The episode ends with the actual characters finding employment in a reality show for kids, which is pretty much what they had unknowingly been starring in all along.

      Why it falls short: The episode, like many from Season six, took a safe approach to the writing, which was funny and entertaining, but not necessarily risky or trendsetting. Most fans recall the episode with some interest, but there are far better ones people binge-watch over and over again.

        A bad episode?
      • Photo: FOX

        Opening Caption: "Disclaimer: Any Resemblance To Actual Robots Would Be Really Cool"

        "The Route of All Evil" centers mostly around Dwight and Cubert, as they first get in trouble for a"salt"ing a bully, which is then followed by the pair starting a newspaper delivery service. Their fathers are threatened, but ultimately proud of their sons' ambitions, but when Awesome Express takes over Planet Express, Fry, Bender, Leela, and the rest of the gang find themselves employed as newspaper deliverymen and women.

        Eventually, it's revealed that the boys' success stemmed from taking on a huge number of orders, but never delivering any of the newspapers. The professor and Hermes agree to help the kids out of their situation, which ultimately circles back to the home of the bully from the beginning of the episode. Both fathers are beaten to a pulp by the bully's father, who closes out the episode by apologizing to his victims in their hospital room.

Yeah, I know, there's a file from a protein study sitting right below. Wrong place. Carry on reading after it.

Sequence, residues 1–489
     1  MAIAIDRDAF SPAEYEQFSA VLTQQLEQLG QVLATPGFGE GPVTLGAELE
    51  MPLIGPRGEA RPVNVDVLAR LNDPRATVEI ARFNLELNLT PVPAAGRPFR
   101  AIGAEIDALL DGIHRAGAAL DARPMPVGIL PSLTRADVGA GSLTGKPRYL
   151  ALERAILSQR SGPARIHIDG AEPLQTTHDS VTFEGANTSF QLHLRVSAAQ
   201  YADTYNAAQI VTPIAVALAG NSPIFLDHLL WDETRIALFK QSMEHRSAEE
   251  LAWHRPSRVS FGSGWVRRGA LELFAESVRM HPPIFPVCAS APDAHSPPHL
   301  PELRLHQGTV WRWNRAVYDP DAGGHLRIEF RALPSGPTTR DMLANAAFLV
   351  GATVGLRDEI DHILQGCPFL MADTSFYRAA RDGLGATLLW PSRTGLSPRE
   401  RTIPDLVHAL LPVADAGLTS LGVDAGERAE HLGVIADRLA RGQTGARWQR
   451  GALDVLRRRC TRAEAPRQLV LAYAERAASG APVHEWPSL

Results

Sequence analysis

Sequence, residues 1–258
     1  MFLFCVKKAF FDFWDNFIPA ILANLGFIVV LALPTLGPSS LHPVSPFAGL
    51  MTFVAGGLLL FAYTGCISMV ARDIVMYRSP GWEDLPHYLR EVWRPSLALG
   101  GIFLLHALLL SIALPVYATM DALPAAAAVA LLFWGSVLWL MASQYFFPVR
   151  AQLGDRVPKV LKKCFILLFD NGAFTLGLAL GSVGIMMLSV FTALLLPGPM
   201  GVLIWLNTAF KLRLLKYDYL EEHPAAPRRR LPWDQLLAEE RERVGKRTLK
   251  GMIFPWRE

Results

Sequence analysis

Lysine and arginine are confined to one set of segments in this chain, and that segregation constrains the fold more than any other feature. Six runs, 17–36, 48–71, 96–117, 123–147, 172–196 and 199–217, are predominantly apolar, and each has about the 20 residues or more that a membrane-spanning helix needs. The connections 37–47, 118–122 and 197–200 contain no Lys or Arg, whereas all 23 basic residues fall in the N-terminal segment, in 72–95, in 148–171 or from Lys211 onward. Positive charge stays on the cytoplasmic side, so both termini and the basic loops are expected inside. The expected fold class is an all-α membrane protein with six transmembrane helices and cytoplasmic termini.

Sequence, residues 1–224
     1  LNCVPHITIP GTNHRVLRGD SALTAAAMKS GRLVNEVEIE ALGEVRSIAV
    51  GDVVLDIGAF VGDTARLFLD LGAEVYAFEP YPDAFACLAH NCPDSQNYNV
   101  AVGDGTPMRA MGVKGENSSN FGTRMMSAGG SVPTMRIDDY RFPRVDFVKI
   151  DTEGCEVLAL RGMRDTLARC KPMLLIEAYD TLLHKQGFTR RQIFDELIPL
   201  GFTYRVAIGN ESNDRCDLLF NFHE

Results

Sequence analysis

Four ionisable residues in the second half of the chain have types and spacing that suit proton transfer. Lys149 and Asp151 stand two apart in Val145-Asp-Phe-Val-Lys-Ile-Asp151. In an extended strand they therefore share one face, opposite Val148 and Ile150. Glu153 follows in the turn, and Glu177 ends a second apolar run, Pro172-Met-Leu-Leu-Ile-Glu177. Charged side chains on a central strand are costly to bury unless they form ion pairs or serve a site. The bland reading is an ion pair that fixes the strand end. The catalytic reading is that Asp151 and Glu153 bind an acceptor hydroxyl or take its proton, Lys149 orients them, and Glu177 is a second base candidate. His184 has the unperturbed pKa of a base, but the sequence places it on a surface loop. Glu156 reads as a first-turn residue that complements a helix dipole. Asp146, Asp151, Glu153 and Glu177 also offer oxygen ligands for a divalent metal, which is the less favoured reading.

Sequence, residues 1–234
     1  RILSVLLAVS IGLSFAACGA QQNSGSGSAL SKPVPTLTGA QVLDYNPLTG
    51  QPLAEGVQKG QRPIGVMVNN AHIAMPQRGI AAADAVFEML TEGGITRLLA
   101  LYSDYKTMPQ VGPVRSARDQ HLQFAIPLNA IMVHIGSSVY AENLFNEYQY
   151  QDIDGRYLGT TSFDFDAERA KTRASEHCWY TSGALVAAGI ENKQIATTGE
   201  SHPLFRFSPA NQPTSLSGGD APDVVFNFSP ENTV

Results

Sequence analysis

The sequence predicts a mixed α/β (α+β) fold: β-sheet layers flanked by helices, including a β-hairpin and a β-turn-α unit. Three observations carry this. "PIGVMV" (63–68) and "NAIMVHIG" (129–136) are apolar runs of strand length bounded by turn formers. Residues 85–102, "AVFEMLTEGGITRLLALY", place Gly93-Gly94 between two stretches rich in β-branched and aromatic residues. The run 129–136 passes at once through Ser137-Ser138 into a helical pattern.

Why it falls short: The main reason people didn't like "The Route of All Evil" was that it centered more on Dwight and Cubert than anyone else. Fry, Leela, and Bender were relegated to support roles, and fans of Futurama didn't like seeing the series' heroes reduced to such a role. 

          A bad episode?
        • Photo: FOX

          Opening Caption: "(Or similar product)"

          "That Darn Katz!" addressed something that had been bothering viewers for years, and that was the status of Amy's Ph.D. candidacy. She was introduced as a Doctoral student in the very first episode, but by Season six, she hadn't made any progress, and this episode takes care of that.

          Amy presents her thesis to a group of Professors, including Professor Katz, who outright objects her thesis. When she confronts him later, it turns out that he's not a human at all, but a cat who was manipulating a large human-shaped dummy! Katz planned on using Amy's thesis to generate energy he could send to his home planet (where all cats originated) to make it spin again.

          The cats employ a cuteness attack that renders the viewer helpless in stopping them, and it even works on robots. Ultimately, Amy is able to stop Katz and his plan, returning the Earth to spinning and simultaneously proving her thesis, which earns her the Ph.D. she had been working on for years.

          Why it falls short: Some of the criticism leveled at the episode centered on how similar its plot was to "The Day the Earth Stood Stupid," which saw Fry saving the world from a similar threat. The overabundance of cuteness overload may not have played as well with dog lovers, and people who generally think of cats as evil creatures who will stop at nothing to knock things off of high shelves.

            A bad episode?